Today, a new line of bags drops from a startup called Bee & Kin. These colorful leather bags are equipped with “smart buttons” that you can program to do a range of tasks, from calling an Uber to launching a playlist to locating your phone.
The idea is for the user to personalize the functionality of the bag to suit her needs. Some early testers of the bag, for instance, have found that the button can be a clever way to get out of an awkward Bumble or Tinder date. When it’s clear that the conversation is not going anywhere, these women surreptitiously press the button inside their handbag, which they previously programmed to call their iPhone. So when their phone rings on command, they apologize, say they have an emergency, and leave in a hurry. “The use cases are almost endless,” says Tracey Hummel, Bee & Kin’s founder.
Hummel launched Bee & Kin after several years of working in shoe production at Tory Burch. As someone who has spent her career in the fashion industry, she’s well aware that the handbag market is crowded with startups, including Cuyana, Clare V, Mansur Gavriel, Jemma, Marcher, and Sofia Fima. But Hummel believed there was still room for bags that incorporate just the right amount of technology in them. Her introductory selection of bags, which include a $500 crossbody, a $595 bucket bag, and two tote bag silhouettes (from $600 to $725), come equipped with programmable smart buttons as well as lights that help you see inside the bag. “I knew from the start that the lights would be a must,” she says. “I have wasted so much time digging through my purse for my keys or a MetroCard. This was a relatively easy thing to add, but it would make a huge difference.”
Hummel chose the name of the brand because the word “Hummel” in German means bee. In keeping with the name, she has incorporated a hexagon motif that she weaves throughout all the bags, from the handle of the bucket bag to the shape of the crossbody. It immediately conjures a honeycomb and serves to make the brand easily recognizable, much as some other startups have done. Senreve, for instance, is known for its convertible Maestra bag, and Danse Lente has distinctive circular magnetic closures. Hummel has opted for vibrant colors in the collection, including orange, yellow, turquoise, and silver, alongside the more neutral black and blush. The bags are manufactured in India using Italian leather.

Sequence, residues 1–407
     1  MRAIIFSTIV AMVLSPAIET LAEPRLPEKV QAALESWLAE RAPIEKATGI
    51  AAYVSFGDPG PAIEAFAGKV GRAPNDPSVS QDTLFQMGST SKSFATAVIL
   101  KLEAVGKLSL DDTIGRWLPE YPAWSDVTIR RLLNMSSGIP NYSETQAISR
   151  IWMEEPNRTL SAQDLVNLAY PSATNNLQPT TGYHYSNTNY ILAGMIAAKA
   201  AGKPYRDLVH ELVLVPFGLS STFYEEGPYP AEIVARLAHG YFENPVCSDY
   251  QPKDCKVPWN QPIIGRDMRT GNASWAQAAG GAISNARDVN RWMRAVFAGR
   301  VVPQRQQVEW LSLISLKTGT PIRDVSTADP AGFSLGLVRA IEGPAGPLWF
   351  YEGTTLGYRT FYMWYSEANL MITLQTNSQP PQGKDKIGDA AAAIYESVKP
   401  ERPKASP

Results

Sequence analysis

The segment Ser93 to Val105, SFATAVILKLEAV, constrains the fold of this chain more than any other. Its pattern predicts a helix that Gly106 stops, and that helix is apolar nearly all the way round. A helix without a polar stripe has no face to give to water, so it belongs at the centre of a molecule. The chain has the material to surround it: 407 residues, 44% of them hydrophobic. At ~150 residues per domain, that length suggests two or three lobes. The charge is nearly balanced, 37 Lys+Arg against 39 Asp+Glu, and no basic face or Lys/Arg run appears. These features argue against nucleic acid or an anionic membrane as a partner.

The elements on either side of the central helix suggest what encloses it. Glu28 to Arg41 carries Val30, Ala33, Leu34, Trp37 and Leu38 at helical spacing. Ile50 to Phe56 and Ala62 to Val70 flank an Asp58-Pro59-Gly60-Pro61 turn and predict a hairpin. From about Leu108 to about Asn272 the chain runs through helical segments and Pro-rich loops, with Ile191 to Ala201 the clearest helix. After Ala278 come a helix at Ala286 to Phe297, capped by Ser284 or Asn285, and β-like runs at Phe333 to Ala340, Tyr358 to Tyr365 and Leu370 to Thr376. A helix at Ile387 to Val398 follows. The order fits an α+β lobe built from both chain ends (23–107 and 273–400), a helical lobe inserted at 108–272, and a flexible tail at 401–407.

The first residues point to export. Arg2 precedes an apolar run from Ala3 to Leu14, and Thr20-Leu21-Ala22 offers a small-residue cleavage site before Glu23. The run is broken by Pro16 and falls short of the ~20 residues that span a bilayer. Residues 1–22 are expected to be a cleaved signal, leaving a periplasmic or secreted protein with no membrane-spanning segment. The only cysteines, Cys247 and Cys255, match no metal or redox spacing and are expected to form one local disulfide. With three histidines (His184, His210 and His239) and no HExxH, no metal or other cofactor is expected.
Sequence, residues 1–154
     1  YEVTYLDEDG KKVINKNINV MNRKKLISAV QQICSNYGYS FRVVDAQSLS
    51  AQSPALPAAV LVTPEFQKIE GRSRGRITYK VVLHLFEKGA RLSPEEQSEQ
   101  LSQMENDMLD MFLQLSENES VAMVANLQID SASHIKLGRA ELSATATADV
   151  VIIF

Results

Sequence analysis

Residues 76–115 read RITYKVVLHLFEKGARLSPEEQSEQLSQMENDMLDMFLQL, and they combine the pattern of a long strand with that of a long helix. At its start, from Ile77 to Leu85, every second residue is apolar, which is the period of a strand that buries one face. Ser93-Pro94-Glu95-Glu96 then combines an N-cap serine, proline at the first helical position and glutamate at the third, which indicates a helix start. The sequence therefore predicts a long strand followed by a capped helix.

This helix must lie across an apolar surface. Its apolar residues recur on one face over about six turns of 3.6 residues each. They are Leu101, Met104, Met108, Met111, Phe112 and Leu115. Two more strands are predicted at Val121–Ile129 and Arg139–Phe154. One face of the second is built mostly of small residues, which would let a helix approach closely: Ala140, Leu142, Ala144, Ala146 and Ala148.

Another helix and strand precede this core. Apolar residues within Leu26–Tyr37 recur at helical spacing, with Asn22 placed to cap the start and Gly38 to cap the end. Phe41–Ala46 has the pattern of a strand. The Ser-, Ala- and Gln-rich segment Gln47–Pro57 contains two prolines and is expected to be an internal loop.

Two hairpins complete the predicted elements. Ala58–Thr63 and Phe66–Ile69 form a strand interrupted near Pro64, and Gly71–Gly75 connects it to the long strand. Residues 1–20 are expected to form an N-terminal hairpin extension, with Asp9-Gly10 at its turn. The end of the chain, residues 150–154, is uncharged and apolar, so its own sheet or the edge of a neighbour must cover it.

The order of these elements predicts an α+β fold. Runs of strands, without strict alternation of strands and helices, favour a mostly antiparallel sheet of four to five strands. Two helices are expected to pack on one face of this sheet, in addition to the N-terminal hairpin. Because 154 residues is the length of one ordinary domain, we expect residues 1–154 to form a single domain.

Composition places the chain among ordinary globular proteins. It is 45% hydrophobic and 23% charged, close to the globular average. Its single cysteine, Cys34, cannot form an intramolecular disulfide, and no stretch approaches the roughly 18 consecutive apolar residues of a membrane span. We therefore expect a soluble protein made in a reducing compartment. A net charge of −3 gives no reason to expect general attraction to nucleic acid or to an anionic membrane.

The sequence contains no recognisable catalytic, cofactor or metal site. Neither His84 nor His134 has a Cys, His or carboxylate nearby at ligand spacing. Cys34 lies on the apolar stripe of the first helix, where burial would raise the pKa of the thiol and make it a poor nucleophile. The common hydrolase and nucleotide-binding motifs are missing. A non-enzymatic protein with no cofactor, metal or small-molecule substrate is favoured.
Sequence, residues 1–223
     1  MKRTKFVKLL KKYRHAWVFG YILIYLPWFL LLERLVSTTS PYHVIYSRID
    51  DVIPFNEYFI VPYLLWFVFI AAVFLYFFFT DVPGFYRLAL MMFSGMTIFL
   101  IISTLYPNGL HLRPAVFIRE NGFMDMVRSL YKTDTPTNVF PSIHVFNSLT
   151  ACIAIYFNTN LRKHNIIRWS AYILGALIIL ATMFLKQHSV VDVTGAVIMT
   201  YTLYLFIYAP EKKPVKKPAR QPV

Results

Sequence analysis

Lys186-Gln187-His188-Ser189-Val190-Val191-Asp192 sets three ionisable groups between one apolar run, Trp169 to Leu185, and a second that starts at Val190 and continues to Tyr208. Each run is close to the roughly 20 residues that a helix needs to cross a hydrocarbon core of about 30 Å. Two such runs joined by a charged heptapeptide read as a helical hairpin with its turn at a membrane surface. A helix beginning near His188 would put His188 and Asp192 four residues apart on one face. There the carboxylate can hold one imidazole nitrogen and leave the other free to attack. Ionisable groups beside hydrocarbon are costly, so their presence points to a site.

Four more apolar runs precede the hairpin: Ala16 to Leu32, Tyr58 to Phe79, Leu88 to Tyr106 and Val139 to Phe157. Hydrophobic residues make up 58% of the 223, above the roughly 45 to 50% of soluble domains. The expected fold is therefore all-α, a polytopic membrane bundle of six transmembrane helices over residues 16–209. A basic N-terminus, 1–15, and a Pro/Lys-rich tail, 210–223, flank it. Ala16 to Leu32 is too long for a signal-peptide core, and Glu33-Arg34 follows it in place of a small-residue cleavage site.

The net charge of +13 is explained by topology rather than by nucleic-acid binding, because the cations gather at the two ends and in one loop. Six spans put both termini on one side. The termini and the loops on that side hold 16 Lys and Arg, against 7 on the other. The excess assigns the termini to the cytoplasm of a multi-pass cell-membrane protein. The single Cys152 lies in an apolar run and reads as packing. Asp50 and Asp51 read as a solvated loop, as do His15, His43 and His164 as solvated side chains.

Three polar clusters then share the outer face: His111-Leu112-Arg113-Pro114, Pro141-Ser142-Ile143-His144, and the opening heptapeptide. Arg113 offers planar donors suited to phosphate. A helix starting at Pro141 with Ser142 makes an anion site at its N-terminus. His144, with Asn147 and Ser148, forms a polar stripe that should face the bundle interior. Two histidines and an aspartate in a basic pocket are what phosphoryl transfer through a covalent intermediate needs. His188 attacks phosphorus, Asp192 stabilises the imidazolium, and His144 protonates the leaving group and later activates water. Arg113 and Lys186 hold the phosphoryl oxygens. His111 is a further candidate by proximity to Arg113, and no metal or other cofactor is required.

The aesthetic of the bags will draw in some customers. But others will be intrigued by the “smart button,” which comes in most bags. Bee & Kin uses a system designed by a Swedish company called Flic. An app lets you program the button to do various things, like find your phone, text your location to a predetermined person, start a playlist, send a pre-written email, or even order an UberX. “We wanted to make the technology as flexible as possible, because we realized women have very different needs,” Hummel says. “Our goal was to allow women to customize the experience as much as possible.”
Before developing the bag, she spoke to nearly 100 different women to better understand what their unmet needs were. Many brought up the same issues, like not being able to find their keys when digging through the bag at night. But there were also many needs that were very specific. Some women loved the idea of their bag calling a taxi, while others drive a lot and have no need for that function. The solution, Hummel believes, is to find ways to incorporate technology that can be easily personalized. “We’re going to continue to work closely with Flic to find ways to better respond to our customers,” she says.
When I tested the bag, I found the “find your phone” option very useful since I am usually in a hurry to locate my phone and stick it in my bag when I’m trying to get out of the door. I used a double-click option to send a “two minutes away” text to let my family members know to wait outside when I am about to swing by to pick them up in the car. And I set a “hold” button to order an UberX, though I did not have the opportunity to use that function during the testing period.
I found the most useful tech feature to be the simplest. I was surprised by how frequently I used the light switch: I used it to find my lip gloss in a dark movie theater, and to find my keys when I was at my front door late at night. Is that worth $500 when you could get a pocket-size flashlight from the hardware store for $5? Maybe not. But the added functionality of the smart button may be enough to lure women who love luxury bags and are tired of always digging through their purse for their phone or key card.
Bee & Kin bags are available on the brand’s website. Small leather accessories start at $75, and handbags start at $500.